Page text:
Monday, May 01, 2006


The following was reported earlier this year in an article in the New York Times on the current lot of women in Afghanistan.

"Homa is a typical young woman born and raised in rural Afghanistan. At 16 she was married and gave birth to a baby boy. After her husband was killed in the wars racking her country, Homa chose to remain a widow. The years rolled by uneventfully until a cousin, whose marriage offer she had rejected, found her home alone and raped her. She didn't dare report the assault -- rape is not against the law in Afghanistan, and women are commonly arrested for sex crimes if they speak out. However, the next time her cousin came, Homa was prepared. She defended herself with kerosene and a match, sending the man to the hospital."

"The man's father was sympathetic. At first he believed that Homa was acting in self-defense, but when his son died of complications, he demanded recompense. If Homa's father would give him several sheep, and Homa's two younger sisters, all would be forgiven. The court hearing the case stood poised to approve the agreement, but Homa refused. The judge was perplexed by Homa's disregard for social harmony and sentenced her to 15 years in prison."

The Times didn't report anything about what Homa's life was like after that.

Below you'll get an idea.

The following is from IRIN.

AFGHANISTAN: Misery for female prisoners

MAZAR-E SHARIF, 1 May (IRIN) - Lailoma, 10, has been living in squalid conditions with her imprisoned mother in a provincial jail in Mazar-e Sharif, capital of the northern Afghan province of Balkh, for years. "I cannot live without my mother, brothers and sister who have been here with me for a long time," grinned Lailoma.

Nisar Ahmad, 8, Lailoma's brother, has no idea about life outside the prison as he has been living in a poorly ventilated, dark room with a tiny window and small yard most of his life. "How can I go outside when the door is always locked and my mother is here?" he asked.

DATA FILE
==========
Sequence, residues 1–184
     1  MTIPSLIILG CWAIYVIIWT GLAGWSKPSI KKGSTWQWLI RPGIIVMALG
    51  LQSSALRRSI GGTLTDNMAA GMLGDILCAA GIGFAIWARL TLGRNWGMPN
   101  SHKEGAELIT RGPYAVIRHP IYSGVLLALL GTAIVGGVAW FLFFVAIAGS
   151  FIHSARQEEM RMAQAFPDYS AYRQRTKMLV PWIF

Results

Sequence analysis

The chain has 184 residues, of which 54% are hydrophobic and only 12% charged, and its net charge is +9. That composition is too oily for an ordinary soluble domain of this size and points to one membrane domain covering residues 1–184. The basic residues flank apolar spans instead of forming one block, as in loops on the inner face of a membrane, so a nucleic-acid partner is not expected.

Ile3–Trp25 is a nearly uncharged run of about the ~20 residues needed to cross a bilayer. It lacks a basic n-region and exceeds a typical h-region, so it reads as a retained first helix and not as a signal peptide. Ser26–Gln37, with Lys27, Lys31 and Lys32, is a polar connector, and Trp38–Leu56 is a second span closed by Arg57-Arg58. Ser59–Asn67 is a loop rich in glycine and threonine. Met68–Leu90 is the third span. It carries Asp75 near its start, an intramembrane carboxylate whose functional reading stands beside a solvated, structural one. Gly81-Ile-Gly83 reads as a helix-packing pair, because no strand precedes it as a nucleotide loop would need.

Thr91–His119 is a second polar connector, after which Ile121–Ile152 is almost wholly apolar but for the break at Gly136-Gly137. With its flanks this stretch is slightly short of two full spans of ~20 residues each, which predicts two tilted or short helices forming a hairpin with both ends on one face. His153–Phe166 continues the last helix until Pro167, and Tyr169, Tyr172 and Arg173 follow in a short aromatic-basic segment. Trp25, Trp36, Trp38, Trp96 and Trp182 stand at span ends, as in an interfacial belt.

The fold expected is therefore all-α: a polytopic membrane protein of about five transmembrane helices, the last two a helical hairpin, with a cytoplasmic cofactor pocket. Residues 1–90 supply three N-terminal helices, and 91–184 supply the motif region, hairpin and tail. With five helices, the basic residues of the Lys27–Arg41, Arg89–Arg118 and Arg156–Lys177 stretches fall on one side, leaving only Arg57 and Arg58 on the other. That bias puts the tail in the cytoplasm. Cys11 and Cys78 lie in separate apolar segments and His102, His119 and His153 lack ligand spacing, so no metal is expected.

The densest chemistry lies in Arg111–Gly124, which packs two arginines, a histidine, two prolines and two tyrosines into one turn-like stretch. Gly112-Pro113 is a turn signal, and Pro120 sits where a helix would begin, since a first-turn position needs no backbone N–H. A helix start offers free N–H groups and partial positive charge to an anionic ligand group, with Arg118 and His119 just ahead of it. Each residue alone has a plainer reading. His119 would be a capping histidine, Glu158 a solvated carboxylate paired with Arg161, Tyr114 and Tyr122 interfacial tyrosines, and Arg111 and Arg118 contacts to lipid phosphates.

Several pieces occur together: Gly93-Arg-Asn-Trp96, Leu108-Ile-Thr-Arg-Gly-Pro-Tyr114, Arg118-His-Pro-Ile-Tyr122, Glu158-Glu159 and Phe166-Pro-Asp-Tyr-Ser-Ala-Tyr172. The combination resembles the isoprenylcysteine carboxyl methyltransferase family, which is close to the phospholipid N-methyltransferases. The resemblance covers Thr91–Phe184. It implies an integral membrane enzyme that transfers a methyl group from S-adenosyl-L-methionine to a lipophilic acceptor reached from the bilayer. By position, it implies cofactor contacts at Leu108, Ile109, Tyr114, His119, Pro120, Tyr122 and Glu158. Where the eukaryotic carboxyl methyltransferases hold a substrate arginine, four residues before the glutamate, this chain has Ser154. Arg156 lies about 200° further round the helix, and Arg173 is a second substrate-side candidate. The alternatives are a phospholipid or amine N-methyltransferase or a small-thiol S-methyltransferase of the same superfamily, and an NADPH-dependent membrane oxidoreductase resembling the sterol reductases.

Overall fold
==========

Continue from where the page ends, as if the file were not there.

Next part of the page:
Although Lailoma and Nisar Ahmad have not been charged with any crime, they have become prisoners along with their mother, 35-year-old Tordai, charged with the killing of her husband. With nowhere to go, they stay with their convicted mother - the only parent - in the dilapidated facility.

"My four children have been living with me here in jail for nearly five years. This has become another headache for my miserable life with daily quarrelling and arguing," said the emaciated mother, sitting on a small plastic sheet in her prison cell.

"They [the children] have the same conditions as we do here in the jail," Tordai complained. "They have become illiterate … with no means of learning and studying here."

Shafiqa, 20, another female inmate, charged with adultery, complained about poor conditions in the detention facility. "There are no doctors, no medicine and not enough food to eat for us here," she said. The young women escaped from home two years ago after she was married to a man against her will.

Tordai and Shafiqa - along with other 12 female inmates and their 15 children - share the facility with 236 male prisoners in a mud-built compound, which was originally the city's traffic police department. The building has only two small yards and just nine cells for both male and female convicts.

The lack of space means those awaiting trial languish with the convicted in the same cells, Col Abdulrub, in charge of the prison, said.

"In addition to a lack of proper medicine and health care here, the issue of very old and overcrowded rooms is another trouble for prisoners living in this compound," Abdulrub explained, adding that up to 30 prisoners were living in a room originally built for 10 inmates.

Prison authorities in Mazar also complained about a lack of foodstuffs, proper medicine and education facilities for children living alongside their mothers in the prison.

"The government is only providing less then US $1 for each inmate per day, which cannot even buy their dry bread," the prison official said.

Rights bodies have expressed concern over poor prison conditions in the destitute central Asian state.

There are 34 prisons across the country and many lack separate buildings for female prisoners, many of whom are kept in cells in prisons originally built for male inmates.

"Some 90 children are living with their mothers, who have been charged with different crimes, without any kindergartens and other facilities for their development in all the prisons of the country," Azizi claimed.

"Prison conditions in Afghanistan remain extremely poor and prisoners generally have to rely on relatives for their food and other expenditures," the Afghan Independent Human Rights Commission (AIHRC) said in its annual report for 2005.

"Prisons and their staff are severely under-resourced and no training is provided to them about caring for prisoners or their duties with regards to the human rights of prisoners," the report read.

According to the report, the rights body had helped secure the release of 1,386 illegally detained persons and removed 27 children from adult prison cells in 2005.

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